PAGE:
Jul 2, 2013 at 10:39 am #1304878
Charlie MurphyBPL Member
Hey folks; Mid-Atlantic region here and am wondering which sleep pad is better for the regions that stay warm at night. I use a Hexamid tarp, Borah bivy(if serious rain or insects present), light summer bag(40F), silk liner, BPL Lawson's Eva foam pad 3/8", sometimes a prolite4 if the ground is really hard.
Well this set up is too hot so I ditch the sleep bag, still to hot. I also ditch the bivy except when lots of bugs are hanging 'round(like this weekend). Obviously a total bug net tent is needed and save the bivy for serious rain and cold. On a recent bike tour I realized there was a lot heat emanating from my pads. I think Prolite 4 is causing serious increase in temperature. I like the combo of both pads for comfort sake but am ready to ramp up to something cooler.
Neo-Air gets rave reviews but it too is insulated as well as many Big Agnes models.
So, what do you suggest for warm weather nights on nasty hard grounds. Usually I stay away from buggy areas and hot nights but bike touring seems to get me into these areas often.
Thanks, CharlieJul 2, 2013 at 11:13 am #2001722
Adam RothermichBPL Member
@aroth87Locale: Missouri Ozarks
Cots/hammocks are great for the summer. Obviously a cot is going to be unwieldy to pack but for the same 1.5 lbs your Prolite 4 weighs you could bring a simple gathered end hammock. You can even get them with bug netting. If you're bike touring another plus would be the ability to roll your bike under the tarp if it rains (if the tarp is large enough). I've only hammocked a few times but if I camped much during the summer that's probably the route I'd go. There's a reason hammocks are popular in the tropics I suppose.
AdamJul 2, 2013 at 11:13 am #2001723
Ben H.BPL Member
@bzhayesLocale: So. California
I think your off base. The r-value of your sleeping pad is miniscule compared to your mattress at home (those things are like a foot thick!), and people sleep on those through hot muggy summers. It is possibly a breath-ability issue. A klymit might help with that. Other than that most backpacking pads are pretty non-porous. You should look into increasing circulation. Possibly a net tent and tarp or hammock.Jul 2, 2013 at 11:15 am #2001725
@attaboybradLocale: San Francisco Bay Area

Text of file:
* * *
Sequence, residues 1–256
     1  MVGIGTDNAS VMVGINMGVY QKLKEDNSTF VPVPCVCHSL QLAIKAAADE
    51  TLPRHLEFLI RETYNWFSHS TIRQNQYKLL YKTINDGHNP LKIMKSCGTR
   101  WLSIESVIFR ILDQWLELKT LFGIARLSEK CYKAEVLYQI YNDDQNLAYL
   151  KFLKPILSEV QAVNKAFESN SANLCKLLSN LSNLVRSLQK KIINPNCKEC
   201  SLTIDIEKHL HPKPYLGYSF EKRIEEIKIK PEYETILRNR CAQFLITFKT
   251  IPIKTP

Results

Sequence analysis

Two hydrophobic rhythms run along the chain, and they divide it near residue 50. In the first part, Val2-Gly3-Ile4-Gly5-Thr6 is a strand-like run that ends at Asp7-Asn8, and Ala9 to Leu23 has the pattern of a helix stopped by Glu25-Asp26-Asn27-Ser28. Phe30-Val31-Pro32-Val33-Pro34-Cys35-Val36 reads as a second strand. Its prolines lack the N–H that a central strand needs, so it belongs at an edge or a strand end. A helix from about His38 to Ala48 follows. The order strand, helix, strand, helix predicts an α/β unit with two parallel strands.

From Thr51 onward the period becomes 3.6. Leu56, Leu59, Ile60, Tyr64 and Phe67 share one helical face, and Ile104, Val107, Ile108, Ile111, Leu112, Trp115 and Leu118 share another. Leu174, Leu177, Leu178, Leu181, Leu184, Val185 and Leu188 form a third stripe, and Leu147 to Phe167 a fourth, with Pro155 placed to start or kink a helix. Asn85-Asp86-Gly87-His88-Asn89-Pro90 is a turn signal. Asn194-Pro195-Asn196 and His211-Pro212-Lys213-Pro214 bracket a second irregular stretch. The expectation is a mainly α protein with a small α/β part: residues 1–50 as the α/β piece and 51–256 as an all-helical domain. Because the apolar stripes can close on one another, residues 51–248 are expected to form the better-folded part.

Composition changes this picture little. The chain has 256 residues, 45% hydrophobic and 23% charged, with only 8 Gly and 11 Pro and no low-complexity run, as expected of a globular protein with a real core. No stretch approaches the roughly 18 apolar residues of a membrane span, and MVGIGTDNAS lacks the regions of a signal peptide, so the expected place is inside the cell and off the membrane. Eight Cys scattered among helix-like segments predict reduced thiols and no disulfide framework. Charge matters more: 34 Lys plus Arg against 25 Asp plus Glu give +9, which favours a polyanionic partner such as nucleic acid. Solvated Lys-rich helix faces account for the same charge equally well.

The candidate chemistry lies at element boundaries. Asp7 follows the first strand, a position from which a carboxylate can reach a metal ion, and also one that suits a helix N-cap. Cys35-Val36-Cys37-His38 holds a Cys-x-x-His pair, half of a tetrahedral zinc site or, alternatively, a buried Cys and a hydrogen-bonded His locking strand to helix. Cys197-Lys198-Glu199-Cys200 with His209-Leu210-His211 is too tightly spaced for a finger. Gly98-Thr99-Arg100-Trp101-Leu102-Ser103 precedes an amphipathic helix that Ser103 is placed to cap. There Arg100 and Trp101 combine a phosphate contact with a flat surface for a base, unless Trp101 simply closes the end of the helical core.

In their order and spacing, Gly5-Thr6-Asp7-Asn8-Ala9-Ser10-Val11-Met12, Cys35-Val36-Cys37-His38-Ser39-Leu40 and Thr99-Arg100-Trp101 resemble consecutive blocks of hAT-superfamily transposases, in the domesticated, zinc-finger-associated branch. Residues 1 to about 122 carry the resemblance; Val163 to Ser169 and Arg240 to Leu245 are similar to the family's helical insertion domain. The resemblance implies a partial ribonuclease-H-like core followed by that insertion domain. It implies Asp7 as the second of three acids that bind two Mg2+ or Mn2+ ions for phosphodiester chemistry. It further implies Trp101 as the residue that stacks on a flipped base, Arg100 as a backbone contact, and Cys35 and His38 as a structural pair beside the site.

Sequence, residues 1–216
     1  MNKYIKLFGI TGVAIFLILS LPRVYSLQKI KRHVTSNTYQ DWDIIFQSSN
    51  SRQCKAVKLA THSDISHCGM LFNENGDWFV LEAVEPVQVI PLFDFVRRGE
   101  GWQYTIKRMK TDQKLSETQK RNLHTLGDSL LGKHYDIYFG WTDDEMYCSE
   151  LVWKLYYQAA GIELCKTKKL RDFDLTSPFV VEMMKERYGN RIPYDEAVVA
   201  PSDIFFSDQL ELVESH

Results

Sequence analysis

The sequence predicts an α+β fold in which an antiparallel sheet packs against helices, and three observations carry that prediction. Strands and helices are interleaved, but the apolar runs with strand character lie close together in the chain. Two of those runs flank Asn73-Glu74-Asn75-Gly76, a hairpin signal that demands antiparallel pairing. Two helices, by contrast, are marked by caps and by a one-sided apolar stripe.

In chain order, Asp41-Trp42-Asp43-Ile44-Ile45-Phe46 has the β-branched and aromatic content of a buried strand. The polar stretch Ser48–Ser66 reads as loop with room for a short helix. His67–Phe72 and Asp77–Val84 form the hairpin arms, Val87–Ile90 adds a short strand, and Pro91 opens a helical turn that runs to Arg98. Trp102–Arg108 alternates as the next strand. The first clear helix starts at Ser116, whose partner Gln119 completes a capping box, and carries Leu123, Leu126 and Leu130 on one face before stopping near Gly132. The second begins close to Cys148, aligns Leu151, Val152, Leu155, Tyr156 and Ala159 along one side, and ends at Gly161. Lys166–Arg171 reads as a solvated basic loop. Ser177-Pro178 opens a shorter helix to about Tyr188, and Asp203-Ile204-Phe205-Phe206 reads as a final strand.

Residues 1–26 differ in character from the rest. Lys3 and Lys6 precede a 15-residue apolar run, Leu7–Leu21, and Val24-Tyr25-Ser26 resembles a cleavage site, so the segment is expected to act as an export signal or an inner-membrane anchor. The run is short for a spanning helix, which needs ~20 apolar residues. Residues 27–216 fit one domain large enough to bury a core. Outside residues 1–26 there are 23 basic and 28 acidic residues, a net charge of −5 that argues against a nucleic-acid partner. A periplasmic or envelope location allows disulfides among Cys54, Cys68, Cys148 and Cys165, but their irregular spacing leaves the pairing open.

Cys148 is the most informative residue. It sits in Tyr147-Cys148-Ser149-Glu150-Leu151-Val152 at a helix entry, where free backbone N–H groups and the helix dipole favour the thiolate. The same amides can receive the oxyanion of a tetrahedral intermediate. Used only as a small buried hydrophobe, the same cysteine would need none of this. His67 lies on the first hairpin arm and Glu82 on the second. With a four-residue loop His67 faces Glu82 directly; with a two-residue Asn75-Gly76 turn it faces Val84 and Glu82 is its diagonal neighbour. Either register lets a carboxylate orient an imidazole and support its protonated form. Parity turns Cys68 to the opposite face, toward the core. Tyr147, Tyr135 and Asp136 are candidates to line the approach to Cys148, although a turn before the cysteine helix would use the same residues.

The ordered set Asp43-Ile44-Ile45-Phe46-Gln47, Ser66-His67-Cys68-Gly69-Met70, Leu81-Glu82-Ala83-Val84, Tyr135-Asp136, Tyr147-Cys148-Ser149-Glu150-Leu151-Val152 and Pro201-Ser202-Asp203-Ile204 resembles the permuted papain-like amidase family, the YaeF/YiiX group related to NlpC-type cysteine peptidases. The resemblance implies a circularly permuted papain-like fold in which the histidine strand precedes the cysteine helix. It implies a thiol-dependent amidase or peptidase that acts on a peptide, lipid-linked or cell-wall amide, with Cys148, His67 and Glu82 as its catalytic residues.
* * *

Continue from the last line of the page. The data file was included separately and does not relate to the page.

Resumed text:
I grew up in MD, and have sweated rather than slept through many a night like that.
I think your best option is a hammock. Since it sounds like you're open to the prices of a NeoAir (if not the function) I think you could assemble a basic hammock setup in that price range since your express purpose is less insulation and won't need to buy an underquilt or other insulation.
Hammock not only has zero insulation, it also allows any breeze to wrap all the way around you. Most of the time, this is a challenge to be overcome, but in your particular use case I think you'd view this as a feature. Comfy too. Be sure to get a full-enclosure net like the Dream Hammock Bug Sock to keep the skeeters off–they'll bite you right through the nylon of most hammocks.
Short of that, I think something like a Gossamer Gear Thinlight would be your next best option. Light and cheap, but certainly not comfortable. The thinner the pad is, the more gaps with the ground your body will have, allowing drafts to cool you off.Jul 2, 2013 at 5:36 pm #2001850
Paul McLaughlinBPL Member
non-insulated air pad will probably be the coolest option on the ground; a hammock, if breathable fabric, ought to be a little cooler.Jul 2, 2013 at 7:05 pm #2001875
Charlie MurphyBPL Member
You might be right, may be more of a factor of a non breathable surface against me than the R value of my pad. This may rule out most pads. Mattresses have a much more breathable surface than plastic pads. I'll look at the klymits, very strange looking though.
Hammocks, good idea. I guess the price might not be so bad since I am looking at the neo-air but the gear closet is getting rather full. I'll have to try one out first. They never looked that comfortable, I am side sleeper.
The non-insulated one(klymit as well as others) might be the simplest solution. But will it be the right choice since most of them are have a non breathable surface.
Better idea: Just camp out west:)
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